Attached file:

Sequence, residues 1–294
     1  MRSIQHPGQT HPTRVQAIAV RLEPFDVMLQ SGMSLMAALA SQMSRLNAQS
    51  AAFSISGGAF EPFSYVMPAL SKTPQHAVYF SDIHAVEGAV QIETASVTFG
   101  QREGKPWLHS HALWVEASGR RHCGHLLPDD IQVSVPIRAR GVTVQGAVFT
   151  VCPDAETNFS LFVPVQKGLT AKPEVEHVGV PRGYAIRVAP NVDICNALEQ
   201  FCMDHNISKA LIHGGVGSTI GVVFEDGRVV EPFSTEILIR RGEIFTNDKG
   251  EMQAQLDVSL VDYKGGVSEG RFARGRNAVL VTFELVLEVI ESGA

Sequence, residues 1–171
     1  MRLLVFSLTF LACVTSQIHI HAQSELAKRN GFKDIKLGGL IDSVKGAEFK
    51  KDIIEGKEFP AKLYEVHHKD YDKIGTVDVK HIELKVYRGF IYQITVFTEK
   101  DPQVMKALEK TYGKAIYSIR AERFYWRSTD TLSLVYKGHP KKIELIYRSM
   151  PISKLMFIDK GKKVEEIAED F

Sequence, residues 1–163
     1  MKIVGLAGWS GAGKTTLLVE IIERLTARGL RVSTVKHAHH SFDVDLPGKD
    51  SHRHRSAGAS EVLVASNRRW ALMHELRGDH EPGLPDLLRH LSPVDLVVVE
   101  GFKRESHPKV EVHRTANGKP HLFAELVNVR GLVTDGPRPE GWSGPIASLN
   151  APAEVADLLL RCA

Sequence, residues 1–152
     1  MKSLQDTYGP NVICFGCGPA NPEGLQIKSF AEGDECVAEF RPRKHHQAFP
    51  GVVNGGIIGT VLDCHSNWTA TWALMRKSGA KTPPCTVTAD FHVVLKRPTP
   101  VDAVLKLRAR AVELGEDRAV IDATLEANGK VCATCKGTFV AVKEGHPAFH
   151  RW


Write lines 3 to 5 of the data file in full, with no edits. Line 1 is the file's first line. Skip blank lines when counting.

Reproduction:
    51  AAFSISGGAF EPFSYVMPAL SKTPQHAVYF SDIHAVEGAV QIETASVTFG
   101  QREGKPWLHS HALWVEASGR RHCGHLLPDD IQVSVPIRAR GVTVQGAVFT
   151  VCPDAETNFS LFVPVQKGLT AKPEVEHVGV PRGYAIRVAP NVDICNALEQ